Mt. Carmel St. Ann's Hospital is 100 years old
by Janice Piscitelli
Mt. Carmel Health Systems
Mount Carmel St. Ann’s Hospital is celebrating its 100th anniversary this year. Bishop Frederick Campbell will celebrate a Mass marking the centennial at noon Friday, June 27, at the hospital, 500 S. Cleveland Ave., Westerville.
The hospital began as an infant asylum and home for unwed mothers, a vision realized by Bishop James J. Hartley. Msgr. J.R. Goldschmidt, a priest of the Columbus Diocese, purchased and donated property across from the old St. Vincent’s Orphanage (now St. Vincent Family Center) at Bryden Road and Kelton Avenue.
The Sisters of St. Francis, who already were in charge of the orphanage, agreed to provide staff members. Funds were raised by the diocese to build the structure, which Bishop James Hartley blessed and dedicated on June 14, 1908.
During its first year, the St. Ann’s Foundation was formed, and many auxiliaries and guilds were organized to support the charitable works of the sisters.
Twenty-five unwed mothers delivered babies at the hospital in its first year. Most mothers chose to give their children up for adoption. Children who were not adopted stayed at St. Ann’s until age six, when they would make their first Communion and “graduate” across the street from St. Vincent’s to begin elementary school.
St. Ann’s closed its infant asylum in 1964 and the home for unwed mothers the following year. The Sisters of St. Francis staffed St. Vincent’s Orphanage until 1994.
St. Ann’s Maternity Hospital opened in 1920 and welcomed the births of 240 infants. By 1950, the hospital was known as St. Ann’s Hospital for Women, with a renovation that included 40 maternity beds and 20 gynecologic beds.
The hospital received approval to begin a residency program in obstetrics and gynecology in 1953. Three years later, the American Board of Obstetrics and Gynecology granted approval for a three-year combined residency program between White Cross (now Riverside Methodist) Hospital and St. Ann’s to train resident physicians in obstetrics and gynecology.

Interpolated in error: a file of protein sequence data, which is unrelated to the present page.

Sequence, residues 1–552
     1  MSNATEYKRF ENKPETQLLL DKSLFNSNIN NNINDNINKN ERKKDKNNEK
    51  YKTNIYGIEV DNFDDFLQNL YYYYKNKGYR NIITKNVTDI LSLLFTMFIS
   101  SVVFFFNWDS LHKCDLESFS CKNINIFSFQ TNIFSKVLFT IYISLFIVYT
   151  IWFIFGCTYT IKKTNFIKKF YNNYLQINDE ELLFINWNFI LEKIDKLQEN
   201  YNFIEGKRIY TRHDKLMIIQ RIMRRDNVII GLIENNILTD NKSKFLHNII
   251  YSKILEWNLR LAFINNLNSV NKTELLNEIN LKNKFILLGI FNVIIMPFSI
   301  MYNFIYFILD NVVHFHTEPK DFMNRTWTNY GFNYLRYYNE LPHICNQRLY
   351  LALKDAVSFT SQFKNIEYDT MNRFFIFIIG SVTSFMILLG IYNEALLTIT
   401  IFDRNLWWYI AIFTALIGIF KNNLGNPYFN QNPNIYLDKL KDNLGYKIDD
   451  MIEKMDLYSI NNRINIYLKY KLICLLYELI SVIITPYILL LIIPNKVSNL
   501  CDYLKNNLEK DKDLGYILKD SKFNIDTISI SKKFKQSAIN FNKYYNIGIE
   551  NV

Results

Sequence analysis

The Ohio State University College of Medicine began sending medical students to St. Ann’s for ob-gyn experience in 1965. In 1976, orthopedic residents from Doctors Hospital began training at St. Ann’s.
Currently, Mount Carmel St. Ann’s has obstetrics residents from the OSU medical college. In July, the hospital will be home to the Mount Carmel family practice residency program.
St. Ann’s was the first central Ohio hospital to establish a cancer registry program, permit fathers into the delivery room, use fetal heart monitors, and employ physician assistants.
In 1972, the hospital opened admission to male patients. Through the 1970s, it expanded services to include a neonatal care unit, a psychiatric unit, and reconstructive orthopedic surgery.
The hospital moved to its current location, 500 S. Cleveland Ave. in Westerville, on July 17, 1984. Here it could offer emergency medicine, general surgery, intensive care, and other services to fully realize its evolution into a full-service community hospital.
Hospitals would begin to feel mounting pressures in the 1990s as labor shortages, declining government reimbursements, and rising costs would drive the creation of health care systems to ensure that the Catholic health care tradition would continue in Columbus.
In July 1995, St. Ann’s was acquired by the Mount Carmel Health System and the Mount Carmel name was added to the hospital.
In 2001, Mount Carmel St. Ann’s expanded its emergency and intensive care services. Last year, more than 73,000 patients were treated in its emergency room. Its new maternity pavilion was added in 2003. Last year, more than 4,800 babies were delivered at the hospital. Surgery and radiology additions were completed in 2005.
“The expansion of Mount Carmel St. Ann’s is in keeping with the growing needs of the community, as well as our commitment to be an excellent full-service community hospital,” said Janet Meeks, Mount Carmel St. Ann’s president and chief operating officer.
“This centennial year has given us a chance to reflect on our wonderful Catholic heritage, the way we always have adapted to meet the needs of the community, and how we will continue to fulfill our mission into the next 100 years.”